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I'm creating a jQuery plugin. So far it's working fine, but I'm having doubt about the way I'm doing things:

jQuery.fn.myMethod = function() {
  return this.each(function(){
    MyScope.doSomething(jQuery(this).attr("id"));
  });
};

var MyScope = {

  // The functions contained in MyScope are extremely linked to the logic 
  // of this plugin and it wouldn't make a lot of sense to extract them

  doSomething: function(id){
    // something
    doSomethingElse(23);
    // some more code
    doSomethingElse(55);
  },

  doSomethingElse: function(someInt){
    // some code 
  }
};

I use MyScope to store all my "private" functions. I don't want the user to be able to go $("p").doSomething(), but I do need to use them.

I could move everything in the myMethod function, but it would create a 100 lines long function and people would hate me for it.

What's the best practices in this situation? Are there any great tutorials out there regarding this?

share|improve this question
    
Just something to note, the entire jQuery library is in one function, it's a perfectly legitimate method of scoping, when you need a closure, use a closure :) –  Nick Craver Jun 10 '10 at 14:06

3 Answers 3

up vote 18 down vote accepted

You can encapsulate your functions to do what you want, like this:

jQuery.fn.myMethod = function() {
  return this.each(function(){
    doSomething(jQuery(this).attr("id"));
  });        
  function doSomething(id){
    //do something
  }
  function doSomethingElse(){
    // some code
  }
};

You can view a quick demo here

"I could move everything in the myMethod function, but it would create a 100 lines long function and people would hate me for it." ....why?

The code has to be defined somewhere, if you don't want it to be externally accessible there are a few ways, but I don't see why anyone would dislike you doing exactly this. It's all about scope and where you want things, as long as you're not declaring it multiple times and exposing only what you want, I don't see any problem.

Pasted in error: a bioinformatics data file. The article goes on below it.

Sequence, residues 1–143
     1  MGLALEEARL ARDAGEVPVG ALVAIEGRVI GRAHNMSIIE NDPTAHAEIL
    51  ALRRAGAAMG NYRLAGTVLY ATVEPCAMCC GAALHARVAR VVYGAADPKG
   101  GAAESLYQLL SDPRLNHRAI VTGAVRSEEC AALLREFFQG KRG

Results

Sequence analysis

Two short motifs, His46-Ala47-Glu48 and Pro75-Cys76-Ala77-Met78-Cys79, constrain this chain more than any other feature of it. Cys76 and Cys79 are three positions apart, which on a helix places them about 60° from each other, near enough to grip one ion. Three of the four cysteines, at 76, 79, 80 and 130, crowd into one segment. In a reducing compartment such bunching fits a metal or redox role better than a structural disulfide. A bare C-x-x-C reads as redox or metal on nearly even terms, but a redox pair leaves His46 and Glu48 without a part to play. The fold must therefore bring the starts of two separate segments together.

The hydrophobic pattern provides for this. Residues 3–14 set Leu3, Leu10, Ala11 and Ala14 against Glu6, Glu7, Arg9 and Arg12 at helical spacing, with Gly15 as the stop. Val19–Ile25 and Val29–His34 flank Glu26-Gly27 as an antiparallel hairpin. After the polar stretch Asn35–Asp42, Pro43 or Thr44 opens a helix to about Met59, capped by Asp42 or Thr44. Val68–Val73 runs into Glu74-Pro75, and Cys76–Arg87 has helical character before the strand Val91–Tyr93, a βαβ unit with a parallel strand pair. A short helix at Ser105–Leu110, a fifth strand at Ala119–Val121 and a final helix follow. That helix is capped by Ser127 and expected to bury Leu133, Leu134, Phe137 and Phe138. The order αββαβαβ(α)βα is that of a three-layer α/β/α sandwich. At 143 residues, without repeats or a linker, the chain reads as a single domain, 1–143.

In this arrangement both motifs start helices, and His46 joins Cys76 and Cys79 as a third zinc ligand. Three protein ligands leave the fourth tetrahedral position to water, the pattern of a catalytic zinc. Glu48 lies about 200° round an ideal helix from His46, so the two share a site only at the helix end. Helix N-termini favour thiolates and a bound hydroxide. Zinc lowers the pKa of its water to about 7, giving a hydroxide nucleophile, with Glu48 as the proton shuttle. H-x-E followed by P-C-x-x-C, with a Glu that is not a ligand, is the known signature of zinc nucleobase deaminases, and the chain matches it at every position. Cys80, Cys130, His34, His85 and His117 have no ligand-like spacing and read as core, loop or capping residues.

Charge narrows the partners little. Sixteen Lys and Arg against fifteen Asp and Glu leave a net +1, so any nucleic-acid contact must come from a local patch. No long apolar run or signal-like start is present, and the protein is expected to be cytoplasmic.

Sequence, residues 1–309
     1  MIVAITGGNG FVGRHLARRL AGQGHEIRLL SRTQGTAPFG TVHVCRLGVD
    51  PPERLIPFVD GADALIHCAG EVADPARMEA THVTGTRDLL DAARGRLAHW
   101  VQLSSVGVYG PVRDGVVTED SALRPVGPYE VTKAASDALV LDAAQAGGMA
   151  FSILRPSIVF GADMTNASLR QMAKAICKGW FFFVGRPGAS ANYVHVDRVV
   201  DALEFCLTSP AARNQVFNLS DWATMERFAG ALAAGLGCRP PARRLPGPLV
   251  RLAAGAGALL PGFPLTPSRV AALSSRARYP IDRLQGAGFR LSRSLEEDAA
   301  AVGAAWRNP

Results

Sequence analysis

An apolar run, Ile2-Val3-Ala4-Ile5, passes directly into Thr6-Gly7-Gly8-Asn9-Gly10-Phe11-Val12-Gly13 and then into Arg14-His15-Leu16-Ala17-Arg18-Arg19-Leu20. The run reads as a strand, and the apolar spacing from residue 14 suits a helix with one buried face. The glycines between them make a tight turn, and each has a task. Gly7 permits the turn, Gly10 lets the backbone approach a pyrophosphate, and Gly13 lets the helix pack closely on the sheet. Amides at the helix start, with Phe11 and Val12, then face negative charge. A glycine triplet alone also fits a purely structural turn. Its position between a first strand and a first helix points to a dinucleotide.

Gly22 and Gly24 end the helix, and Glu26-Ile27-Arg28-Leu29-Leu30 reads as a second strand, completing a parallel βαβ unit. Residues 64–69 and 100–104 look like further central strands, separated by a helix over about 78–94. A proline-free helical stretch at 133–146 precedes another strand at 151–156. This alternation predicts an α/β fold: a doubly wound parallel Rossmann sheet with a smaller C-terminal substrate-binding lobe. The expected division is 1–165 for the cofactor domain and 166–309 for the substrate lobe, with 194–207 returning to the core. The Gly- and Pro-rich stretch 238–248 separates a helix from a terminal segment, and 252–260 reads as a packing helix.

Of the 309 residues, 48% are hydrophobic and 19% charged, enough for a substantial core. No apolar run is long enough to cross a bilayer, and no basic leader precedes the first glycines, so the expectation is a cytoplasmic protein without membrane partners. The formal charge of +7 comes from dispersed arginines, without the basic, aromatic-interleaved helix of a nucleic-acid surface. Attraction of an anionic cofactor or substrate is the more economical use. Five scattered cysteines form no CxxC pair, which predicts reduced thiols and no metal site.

There are several styles to declaring it, some with the same effect, the option I gave is one of many, but placing things inside myMethod is a perfectly reasonable approach.


To be more complete, here's another alternative:

(function($) { 
    function doSomething(id){
      //do something, e.g:  doSomethingElse('bob');
    }
    function doSomethingElse(str){
      //some code
    }
    $.fn.myMethod = function() {
      return this.each(function(){
        doSomething(jQuery(this).attr("id"));
      });   
    };
})(jQuery);

Or another:

(function($) { 
    var me = {
        doSomething: function(id){
         //do something, e.g:  this.doSomethingElse('bob');
        },
        doSomethingElse: function(str){
          //some code
        }
    };
    $.fn.myMethod = function() {
      return this.each(function(){
        me.doSomething(jQuery(this).attr("id"));
      });   
    };
})(jQuery);

Related articles:

share|improve this answer
    
@nick: having only one huge function and 0 code reuse is fairly bad imho. Especially since I call doSomethingElse() in 3 or 4 different places in doSomething(). –  marcgg Jun 10 '10 at 13:58
    
@marcgg: Your example doesn't show that...you should give more clues about your usage if that's the case, even hinting these will be used for multiple plugins would be a start. –  Nick Craver Jun 10 '10 at 13:59
    
@nick I'll update my example right now –  marcgg Jun 10 '10 at 14:00
1  
It's easy to check. var f = function() { function g() {}; return g; }; var g1 = f(), g2 = f(); alert(g1 === g2); If Nick is right, you'd expect true, if I'm correct you'd expect false. Guess which it is :) –  Tim Down Jun 10 '10 at 14:31
1  
@Tim Down: In that case you're returning it outside the closure it's in, so of course it'd need a copy each time to expose it, I'm not sure that's a valid test at all. To be clear, not saying you're wrong, just saying that test isn't a valid way to determine it. –  Nick Craver Jun 10 '10 at 14:34